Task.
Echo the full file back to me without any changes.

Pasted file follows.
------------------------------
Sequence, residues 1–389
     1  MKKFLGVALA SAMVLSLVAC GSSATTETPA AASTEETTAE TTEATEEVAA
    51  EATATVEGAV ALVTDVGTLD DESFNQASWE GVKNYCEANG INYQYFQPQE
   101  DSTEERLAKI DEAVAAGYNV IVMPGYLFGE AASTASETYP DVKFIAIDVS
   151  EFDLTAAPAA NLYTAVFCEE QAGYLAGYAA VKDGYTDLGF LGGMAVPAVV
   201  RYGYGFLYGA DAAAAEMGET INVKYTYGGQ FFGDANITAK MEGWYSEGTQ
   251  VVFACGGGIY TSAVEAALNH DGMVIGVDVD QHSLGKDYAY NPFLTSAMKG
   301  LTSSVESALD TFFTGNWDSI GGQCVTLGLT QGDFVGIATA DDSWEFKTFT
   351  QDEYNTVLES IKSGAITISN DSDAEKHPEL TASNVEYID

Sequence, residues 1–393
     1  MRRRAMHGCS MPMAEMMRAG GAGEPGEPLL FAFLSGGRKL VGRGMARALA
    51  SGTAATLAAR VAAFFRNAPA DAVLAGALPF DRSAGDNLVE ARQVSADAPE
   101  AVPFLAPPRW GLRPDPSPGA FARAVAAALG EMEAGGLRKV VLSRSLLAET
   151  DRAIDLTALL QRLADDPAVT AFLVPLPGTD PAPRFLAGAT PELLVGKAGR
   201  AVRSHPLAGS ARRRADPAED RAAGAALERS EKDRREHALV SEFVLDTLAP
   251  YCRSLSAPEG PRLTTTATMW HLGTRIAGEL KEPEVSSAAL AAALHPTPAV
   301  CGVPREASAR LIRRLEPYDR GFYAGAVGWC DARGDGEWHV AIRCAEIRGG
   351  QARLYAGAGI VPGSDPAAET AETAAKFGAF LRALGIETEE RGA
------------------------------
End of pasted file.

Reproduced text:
Sequence, residues 1–389
     1  MKKFLGVALA SAMVLSLVAC GSSATTETPA AASTEETTAE TTEATEEVAA
    51  EATATVEGAV ALVTDVGTLD DESFNQASWE GVKNYCEANG INYQYFQPQE
   101  DSTEERLAKI DEAVAAGYNV IVMPGYLFGE AASTASETYP DVKFIAIDVS
   151  EFDLTAAPAA NLYTAVFCEE QAGYLAGYAA VKDGYTDLGF LGGMAVPAVV
   201  RYGYGFLYGA DAAAAEMGET INVKYTYGGQ FFGDANITAK MEGWYSEGTQ
   251  VVFACGGGIY TSAVEAALNH DGMVIGVDVD QHSLGKDYAY NPFLTSAMKG
   301  LTSSVESALD TFFTGNWDSI GGQCVTLGLT QGDFVGIATA DDSWEFKTFT
   351  QDEYNTVLES IKSGAITISN DSDAEKHPEL TASNVEYID

Sequence, residues 1–393
     1  MRRRAMHGCS MPMAEMMRAG GAGEPGEPLL FAFLSGGRKL VGRGMARALA
    51  SGTAATLAAR VAAFFRNAPA DAVLAGALPF DRSAGDNLVE ARQVSADAPE
   101  AVPFLAPPRW GLRPDPSPGA FARAVAAALG EMEAGGLRKV VLSRSLLAET
   151  DRAIDLTALL QRLADDPAVT AFLVPLPGTD PAPRFLAGAT PELLVGKAGR
   201  AVRSHPLAGS ARRRADPAED RAAGAALERS EKDRREHALV SEFVLDTLAP
   251  YCRSLSAPEG PRLTTTATMW HLGTRIAGEL KEPEVSSAAL AAALHPTPAV
   301  CGVPREASAR LIRRLEPYDR GFYAGAVGWC DARGDGEWHV AIRCAEIRGG
   351  QARLYAGAGI VPGSDPAAET AETAAKFGAF LRALGIETEE RGA